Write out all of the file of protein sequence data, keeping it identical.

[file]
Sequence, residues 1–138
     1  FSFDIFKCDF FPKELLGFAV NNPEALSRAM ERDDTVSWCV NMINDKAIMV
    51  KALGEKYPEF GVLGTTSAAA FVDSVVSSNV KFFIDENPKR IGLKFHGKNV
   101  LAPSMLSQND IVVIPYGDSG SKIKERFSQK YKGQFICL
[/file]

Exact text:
Sequence, residues 1–138
     1  FSFDIFKCDF FPKELLGFAV NNPEALSRAM ERDDTVSWCV NMINDKAIMV
    51  KALGEKYPEF GVLGTTSAAA FVDSVVSSNV KFFIDENPKR IGLKFHGKNV
   101  LAPSMLSQND IVVIPYGDSG SKIKERFSQK YKGQFICL